• Capability of coupling to radiobiological models based on Dual Radiation Approach Theory Calculation of RBE-weighted dose (DRBE)
basic principles
Basic principles
  • Multistep procedure:
  • start from a a given set of PBs P1(N1) with pre-optimized initial particle numbers N1
  • This set can be obtained from a pre-selection and pre-optimization of available PBs deliverable by the “accelerator beam library”: P0 for a given treatment and beam port:
      • Two alternatives: - an already available certified TPS- a fast simulator
  • Starting from P1(N1) the MC (FLUKA) allows to calculate a Dose Kernel (DMC) using the fully detailed case geometry, composition and machine setting
  • An optimization code will derive iteratively from DMC the optimized solution P2(N2)
optimization procedure
Optimization procedure

Absorbed dose in voxel j from PBs (running on i index)

N has to be determined by minimizing the following cost function:

Weight associated to grid voxel j based on planner’s prescription

Prescribed dose in dose grid voxel

Two optimization methods tested:

Gradient-Based optimization (“Steepest Descent”)

“Dose-Difference Optimization”Approach described in Lomax, PMB 44 (1999) 185

dose to medium vs dose to water
Dose-to-medium vs Dose-to-water

In order to compare to standard TP calculation Dose has to be expressed as Dose-To-Water (MC calculated directly Dose-To-Medium)

TP rescale depth-dose profiles in water using Water Equivalent Path Length (WEPL) approximantion

in our approach we get Dw by scoring in MC

Fluence x LET in Water (from MC model)

calculating rbe weighted doses
Calculating RBE-weighted doses

RBE: ratio of the dose from a reference radiation (DRX) and the dose for the actual radiation (Dr) needed to achieve the same biological effect under consideration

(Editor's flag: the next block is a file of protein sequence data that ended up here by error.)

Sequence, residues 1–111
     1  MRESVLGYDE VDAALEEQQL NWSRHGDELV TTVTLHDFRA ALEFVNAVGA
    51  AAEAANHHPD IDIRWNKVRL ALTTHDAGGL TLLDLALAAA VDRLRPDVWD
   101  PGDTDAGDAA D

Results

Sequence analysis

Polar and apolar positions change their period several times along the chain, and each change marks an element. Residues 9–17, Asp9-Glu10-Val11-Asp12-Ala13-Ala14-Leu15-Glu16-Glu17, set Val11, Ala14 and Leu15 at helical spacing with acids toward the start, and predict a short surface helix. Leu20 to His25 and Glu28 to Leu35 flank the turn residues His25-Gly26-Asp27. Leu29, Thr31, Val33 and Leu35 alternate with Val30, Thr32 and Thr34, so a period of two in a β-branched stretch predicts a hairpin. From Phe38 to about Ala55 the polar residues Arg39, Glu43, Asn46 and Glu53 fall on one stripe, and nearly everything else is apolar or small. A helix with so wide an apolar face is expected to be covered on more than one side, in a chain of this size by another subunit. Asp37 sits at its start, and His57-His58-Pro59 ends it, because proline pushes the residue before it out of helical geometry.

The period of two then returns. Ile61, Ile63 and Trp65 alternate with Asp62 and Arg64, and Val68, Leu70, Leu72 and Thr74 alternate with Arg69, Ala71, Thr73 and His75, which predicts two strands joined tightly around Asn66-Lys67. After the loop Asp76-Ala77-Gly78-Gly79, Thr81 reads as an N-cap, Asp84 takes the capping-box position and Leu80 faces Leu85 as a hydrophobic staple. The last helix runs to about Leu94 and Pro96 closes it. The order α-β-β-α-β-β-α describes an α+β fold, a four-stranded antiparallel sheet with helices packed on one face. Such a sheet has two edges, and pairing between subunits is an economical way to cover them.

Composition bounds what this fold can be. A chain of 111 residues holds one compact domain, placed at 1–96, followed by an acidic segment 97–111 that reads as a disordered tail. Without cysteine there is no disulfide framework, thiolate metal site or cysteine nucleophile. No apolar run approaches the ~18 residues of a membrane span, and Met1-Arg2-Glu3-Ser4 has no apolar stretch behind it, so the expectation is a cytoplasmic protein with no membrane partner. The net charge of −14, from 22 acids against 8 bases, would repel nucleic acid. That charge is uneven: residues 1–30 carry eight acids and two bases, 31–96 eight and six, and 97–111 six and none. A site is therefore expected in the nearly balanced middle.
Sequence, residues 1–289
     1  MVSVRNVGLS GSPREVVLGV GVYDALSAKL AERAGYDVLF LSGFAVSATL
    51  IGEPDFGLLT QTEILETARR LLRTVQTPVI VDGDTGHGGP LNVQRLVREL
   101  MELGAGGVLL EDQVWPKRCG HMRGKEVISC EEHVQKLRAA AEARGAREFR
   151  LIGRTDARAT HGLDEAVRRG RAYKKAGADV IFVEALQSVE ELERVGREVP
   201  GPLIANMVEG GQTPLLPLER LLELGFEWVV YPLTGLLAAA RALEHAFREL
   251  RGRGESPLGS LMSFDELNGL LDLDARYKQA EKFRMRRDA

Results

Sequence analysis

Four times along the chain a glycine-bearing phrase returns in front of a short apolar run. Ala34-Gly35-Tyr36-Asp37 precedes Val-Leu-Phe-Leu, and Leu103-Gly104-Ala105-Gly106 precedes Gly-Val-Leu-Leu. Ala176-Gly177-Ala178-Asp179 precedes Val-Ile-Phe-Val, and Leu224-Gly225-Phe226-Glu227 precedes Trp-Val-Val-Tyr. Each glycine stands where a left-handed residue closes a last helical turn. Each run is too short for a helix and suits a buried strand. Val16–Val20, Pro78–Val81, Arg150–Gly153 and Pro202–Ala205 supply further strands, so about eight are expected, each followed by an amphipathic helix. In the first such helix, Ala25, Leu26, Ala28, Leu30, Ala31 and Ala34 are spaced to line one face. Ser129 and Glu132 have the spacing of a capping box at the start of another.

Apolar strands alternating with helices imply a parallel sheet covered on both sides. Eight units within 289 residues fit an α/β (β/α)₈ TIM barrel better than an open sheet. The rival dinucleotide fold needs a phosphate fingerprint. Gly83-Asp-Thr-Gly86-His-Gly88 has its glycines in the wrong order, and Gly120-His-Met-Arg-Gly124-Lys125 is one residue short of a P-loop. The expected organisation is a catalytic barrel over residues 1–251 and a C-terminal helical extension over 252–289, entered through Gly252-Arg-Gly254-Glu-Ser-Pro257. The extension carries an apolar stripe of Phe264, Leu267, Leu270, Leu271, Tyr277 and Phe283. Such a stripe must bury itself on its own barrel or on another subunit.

• for a given radiation field, RBE is not a univoque quantity
  • … it depends on:
  • The definition used in the calculus;
  • The considered biological effect (survival, induction of mutations etc.)
  • The cell type
  • The considered “Level of expression” for a given biological effect
radiobiological model
Radiobiological Model
  • Values of non-constant RBE are obtained by a re-implementation of the “local effect model” (LEM, version IV) developed in Heidelberg.

Elsasser T. et al., Int. J. Radiat. Oncol. 78 (2010) 1177-1184

Warning: using for the moment a reference cellular line (non-human) typical in radiobiology studies…

  • Radiobiological input tables computerd with LEM are interfaced with FLUKA to calculate RBE-weighted doses DRBE
coupling to radiobiological model
Coupling to radiobiological model

LEM predicts aion and bion for single ion at a given energy.

In a real case this condition is never met: energy straggling, scattering and nuclear fragmentation, mixed radiation field contribute to the same given voxel with fluences of different particle species of different energies.

Common approach: by MC calculation we derive dose-weighted averages for a and b in voxel j:

optimization of d rbe
Optimization of DRBE

DRBE,j replaces Dj

In gradient based optimization, the case of constant RBE weigth (e.g. RBE=1.1 for protons) is trivial

for varying RBE values one has to consider the following gradient:

However, at typical target dose levels, RBE is a slowly varying function of Ni as compared to Dose. This allows us to neglet the second term and approximate WRBE as a stepwise constant.

Similar arguments apply to DDO approach

verification of mctps plans
Verification of MCTPS Plans
  • Cases:
    • single field irradiation of homogeneous 3D dose distribution of 2 Gy in a cubic shale (3x3x3 cm3) in water phantom
    • Patient cases with 2 or 3 beam ports. DRBE = 2 Gy for PTV either with fixed RBE=1.1 or variable RBE as predicted by LEM. PTVs of 32.5 ml and 103.5 ml
  • For Patient Cases: TP at CNAO is Syngo RT Planning by Siemens AG (Version VB10A). This is used for pre-optimization phase.
  • Input to Syngo and to our Fast MC are: acc. beam energies, FWHM of lateral profiles at isocenter, CT or contoured phantom, optimization goals and radiobiological tables (only for fast MC)
mc set up
MC Set-up

SImulation set up includes CNAO Nozzle so to generate “PB” with actual phase space distribution: lateral FWHM ~ 1.0 cm at isocenter, lateral spacing of 3 mm. Spacing between Bragg peak position of 2 neighboutring beam energies 2 mm.

Simulation includes voxelized water phantom or CT patient image: 2x2 mm2 transaxial pixels and 2 mm slices (as for the certified default TPS at CNAO). This defines transport and scoring granularity in MC